Israeli Elections: Record Turnout, But Uncertainty Reigns As Parties Battle For Second

on January 22 2013 1:53 PM
  • Yesh Atid party leader Yair Lapid
    Yair Lapid, leader of the Yesh Atid party, speaks to campaign volunteers in the southern city of Ashkelon. Lapid and his centrist-right party were the surprise winners in the Israeli elections on January 22. REUTERS/Amir Cohen
  • Bennett
    Naftali Bennett, the leader of the Jewish Home party, at a meeting with supporters in Tel Aviv Ronen Zvulun/Reuters
  • Israel's Prime Minister Benjamin Netanyahu
    Israel's Prime Minister Benjamin Netanyahu touches the Western Wall in Jerusalem's Old City after casting his ballot for the parliamentary election Reuters
  • Israel Labor party leader Shelley Yacimovich
    Labour party leader Shelly Yachimovich enters a car covered in a campaign banner after a ceremony for Tu Bishvat, the Jewish arbor day, in Ben-Shemen forest, near the Israeli town of Modiin between Tel Aviv and Jerusalem January 20, 2013. Opinion polls have shown Labour, which ruled Israel for decades but now holds only eight seats in parliament, bouncing back to second place behind Likud under new leader Yachimovich. Reuters/Nir Elias
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The polls in Israel close at 2 p.m. New York time, and the only certain numbers coming forward so far are that, as of 8 p.m. local time (1 p.m. in New York), voter turnout was the highest it had been since 1999, reaching 63.7 percent, and was projected to top 80 percent among soldiers in the Israeli Defense Force, Times of Israel reported. At 7:15 local time, Haaretz reported that voting in Arab communities like Nazareth was beginning to pick up.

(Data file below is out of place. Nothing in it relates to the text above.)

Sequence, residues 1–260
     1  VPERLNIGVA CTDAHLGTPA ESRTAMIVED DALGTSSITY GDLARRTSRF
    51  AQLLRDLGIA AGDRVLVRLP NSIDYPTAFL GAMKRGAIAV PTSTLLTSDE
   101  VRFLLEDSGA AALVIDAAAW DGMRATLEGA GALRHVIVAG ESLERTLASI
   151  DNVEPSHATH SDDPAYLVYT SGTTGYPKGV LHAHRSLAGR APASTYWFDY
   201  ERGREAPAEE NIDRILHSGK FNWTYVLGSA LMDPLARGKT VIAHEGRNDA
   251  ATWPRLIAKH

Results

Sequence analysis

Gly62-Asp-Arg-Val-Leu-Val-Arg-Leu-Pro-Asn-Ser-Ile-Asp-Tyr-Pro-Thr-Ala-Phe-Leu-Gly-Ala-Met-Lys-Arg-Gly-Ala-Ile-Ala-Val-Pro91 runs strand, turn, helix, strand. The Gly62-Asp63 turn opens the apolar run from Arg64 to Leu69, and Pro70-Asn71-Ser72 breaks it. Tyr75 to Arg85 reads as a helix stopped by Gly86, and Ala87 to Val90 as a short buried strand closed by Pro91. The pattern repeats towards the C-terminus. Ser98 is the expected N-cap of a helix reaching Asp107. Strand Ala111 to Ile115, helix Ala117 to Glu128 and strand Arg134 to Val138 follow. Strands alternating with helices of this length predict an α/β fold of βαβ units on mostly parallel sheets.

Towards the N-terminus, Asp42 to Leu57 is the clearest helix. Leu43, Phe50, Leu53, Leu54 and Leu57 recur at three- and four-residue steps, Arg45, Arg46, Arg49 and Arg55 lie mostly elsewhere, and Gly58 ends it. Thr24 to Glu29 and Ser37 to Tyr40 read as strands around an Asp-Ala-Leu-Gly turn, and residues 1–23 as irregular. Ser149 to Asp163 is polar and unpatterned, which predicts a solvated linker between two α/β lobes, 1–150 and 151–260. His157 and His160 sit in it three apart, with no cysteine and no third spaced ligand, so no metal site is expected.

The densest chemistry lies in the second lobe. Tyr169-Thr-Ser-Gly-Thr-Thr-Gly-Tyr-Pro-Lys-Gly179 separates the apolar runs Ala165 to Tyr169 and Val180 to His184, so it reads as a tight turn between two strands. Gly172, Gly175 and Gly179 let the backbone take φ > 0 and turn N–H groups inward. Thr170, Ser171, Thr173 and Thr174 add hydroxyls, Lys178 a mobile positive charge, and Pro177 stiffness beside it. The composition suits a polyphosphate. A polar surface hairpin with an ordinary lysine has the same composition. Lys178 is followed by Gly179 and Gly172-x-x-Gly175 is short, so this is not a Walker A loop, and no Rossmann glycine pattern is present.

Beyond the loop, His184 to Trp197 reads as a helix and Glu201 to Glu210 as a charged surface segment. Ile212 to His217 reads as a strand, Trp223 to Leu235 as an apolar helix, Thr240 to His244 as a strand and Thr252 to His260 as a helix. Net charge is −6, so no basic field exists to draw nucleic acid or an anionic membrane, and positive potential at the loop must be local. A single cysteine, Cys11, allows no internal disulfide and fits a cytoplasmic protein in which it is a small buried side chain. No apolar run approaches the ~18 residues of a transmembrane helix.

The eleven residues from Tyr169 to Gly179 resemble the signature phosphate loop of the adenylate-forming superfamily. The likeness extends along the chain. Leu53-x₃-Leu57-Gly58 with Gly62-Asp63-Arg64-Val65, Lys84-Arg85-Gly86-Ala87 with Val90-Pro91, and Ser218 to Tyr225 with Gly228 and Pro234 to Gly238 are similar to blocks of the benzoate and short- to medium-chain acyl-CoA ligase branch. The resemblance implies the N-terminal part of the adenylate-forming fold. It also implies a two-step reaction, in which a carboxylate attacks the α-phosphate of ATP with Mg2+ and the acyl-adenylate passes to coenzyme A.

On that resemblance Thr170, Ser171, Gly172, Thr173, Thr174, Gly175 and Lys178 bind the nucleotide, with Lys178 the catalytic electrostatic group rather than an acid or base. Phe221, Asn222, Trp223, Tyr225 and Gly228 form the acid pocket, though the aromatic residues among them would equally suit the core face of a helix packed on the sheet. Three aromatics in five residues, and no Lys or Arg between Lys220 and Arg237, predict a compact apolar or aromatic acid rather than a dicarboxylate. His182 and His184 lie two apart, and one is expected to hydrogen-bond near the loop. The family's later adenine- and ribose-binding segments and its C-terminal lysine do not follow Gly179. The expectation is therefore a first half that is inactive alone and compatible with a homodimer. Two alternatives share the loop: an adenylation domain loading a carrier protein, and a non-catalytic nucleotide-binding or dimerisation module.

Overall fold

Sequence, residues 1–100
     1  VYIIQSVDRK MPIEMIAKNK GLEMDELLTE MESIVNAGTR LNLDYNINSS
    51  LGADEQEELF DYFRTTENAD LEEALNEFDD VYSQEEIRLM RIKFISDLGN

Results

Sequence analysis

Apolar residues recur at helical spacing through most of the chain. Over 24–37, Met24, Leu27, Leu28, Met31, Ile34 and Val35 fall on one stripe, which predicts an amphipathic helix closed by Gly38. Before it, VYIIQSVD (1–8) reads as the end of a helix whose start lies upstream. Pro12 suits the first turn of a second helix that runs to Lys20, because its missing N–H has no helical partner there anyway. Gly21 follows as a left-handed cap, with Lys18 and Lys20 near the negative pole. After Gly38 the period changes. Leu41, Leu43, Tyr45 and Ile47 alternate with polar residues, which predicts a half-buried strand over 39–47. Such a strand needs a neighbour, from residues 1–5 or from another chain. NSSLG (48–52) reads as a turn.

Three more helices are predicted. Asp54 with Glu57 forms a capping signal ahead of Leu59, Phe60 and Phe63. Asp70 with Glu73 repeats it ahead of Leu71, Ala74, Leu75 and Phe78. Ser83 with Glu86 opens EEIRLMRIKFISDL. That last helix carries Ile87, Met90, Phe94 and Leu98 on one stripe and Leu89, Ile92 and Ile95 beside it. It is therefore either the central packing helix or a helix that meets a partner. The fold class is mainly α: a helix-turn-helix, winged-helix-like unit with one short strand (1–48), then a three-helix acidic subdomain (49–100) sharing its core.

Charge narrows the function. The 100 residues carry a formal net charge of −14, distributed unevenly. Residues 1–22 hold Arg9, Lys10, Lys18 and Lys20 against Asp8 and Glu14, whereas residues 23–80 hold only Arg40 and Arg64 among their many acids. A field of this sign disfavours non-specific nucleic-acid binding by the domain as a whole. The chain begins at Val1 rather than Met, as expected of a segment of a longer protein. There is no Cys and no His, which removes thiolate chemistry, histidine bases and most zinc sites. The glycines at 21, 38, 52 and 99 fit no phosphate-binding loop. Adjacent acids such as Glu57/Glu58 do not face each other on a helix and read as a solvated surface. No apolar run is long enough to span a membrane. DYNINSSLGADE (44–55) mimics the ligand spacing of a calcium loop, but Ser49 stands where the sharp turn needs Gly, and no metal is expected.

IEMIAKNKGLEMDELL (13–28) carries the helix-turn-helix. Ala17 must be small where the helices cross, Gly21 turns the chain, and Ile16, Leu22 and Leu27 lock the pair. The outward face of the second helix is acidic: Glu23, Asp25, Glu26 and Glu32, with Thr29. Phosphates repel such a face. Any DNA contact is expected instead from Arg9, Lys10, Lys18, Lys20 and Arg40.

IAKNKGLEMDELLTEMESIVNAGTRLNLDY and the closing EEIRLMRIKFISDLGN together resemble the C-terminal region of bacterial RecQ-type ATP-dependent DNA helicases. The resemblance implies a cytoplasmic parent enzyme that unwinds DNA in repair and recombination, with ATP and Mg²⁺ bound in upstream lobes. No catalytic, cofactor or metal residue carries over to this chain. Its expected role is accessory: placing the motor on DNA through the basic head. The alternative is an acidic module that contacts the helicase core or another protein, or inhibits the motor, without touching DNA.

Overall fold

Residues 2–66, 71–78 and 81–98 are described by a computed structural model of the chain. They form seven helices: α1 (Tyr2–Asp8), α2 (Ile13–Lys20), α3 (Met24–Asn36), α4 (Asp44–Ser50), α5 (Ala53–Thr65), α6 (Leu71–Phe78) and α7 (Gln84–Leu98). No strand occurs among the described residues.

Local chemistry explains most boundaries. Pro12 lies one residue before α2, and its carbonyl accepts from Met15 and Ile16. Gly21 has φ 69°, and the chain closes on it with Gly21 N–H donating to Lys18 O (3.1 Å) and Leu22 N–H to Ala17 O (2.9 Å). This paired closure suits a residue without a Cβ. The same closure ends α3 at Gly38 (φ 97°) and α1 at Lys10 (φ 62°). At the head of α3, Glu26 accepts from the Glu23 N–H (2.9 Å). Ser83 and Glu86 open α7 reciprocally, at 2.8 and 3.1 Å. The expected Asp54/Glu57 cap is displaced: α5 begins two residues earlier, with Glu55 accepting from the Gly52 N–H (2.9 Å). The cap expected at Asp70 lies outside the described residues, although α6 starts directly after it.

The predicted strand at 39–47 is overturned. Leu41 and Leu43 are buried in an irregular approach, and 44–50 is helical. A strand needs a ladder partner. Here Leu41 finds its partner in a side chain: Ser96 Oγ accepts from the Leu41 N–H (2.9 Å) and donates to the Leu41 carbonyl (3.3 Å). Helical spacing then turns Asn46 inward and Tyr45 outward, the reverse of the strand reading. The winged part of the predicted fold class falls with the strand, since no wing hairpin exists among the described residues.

“This is the highest turnout we’ve had in 10 years,” said Jonny Daniels, a political consultant for the right-wing Likud party, which is projected to keep its plurality in the Knesset, although Daniels said that it was hard to tell how big that would be. “Basically, nobody has a clue what’s happening. It’s impossible to tell how it’s going to end up.”

The Likud-Beiteinu coalition was widely projected to hold on to some 34 or 35 seats in the 120-seat Knesset, with the left-wing Labor Party holding down the opposition bloc as the second largest party. But as polling draws to a close, rumors have begun to circulate that it will actually be the brand-new Yesh Atid Party, whose name in English means “There Is A Future,” that will actually steal the place of second-largest party.

Yesh Atid, a liberal-centrist party headed by Israeli TV journalist Yair Lapid, was founded in 2012, and before Tuesday was polling at 13 to 14 seats, about equivalent with the right-wing Jewish Home party headed by Naftali Bennett. 

An hour before polls closed, Prime Minister Benjamin Netanyahu posted a message in Hebrew on his Facebook page, admitting that “Likud rule is in danger,” and encouraging readers to vote for Likud.

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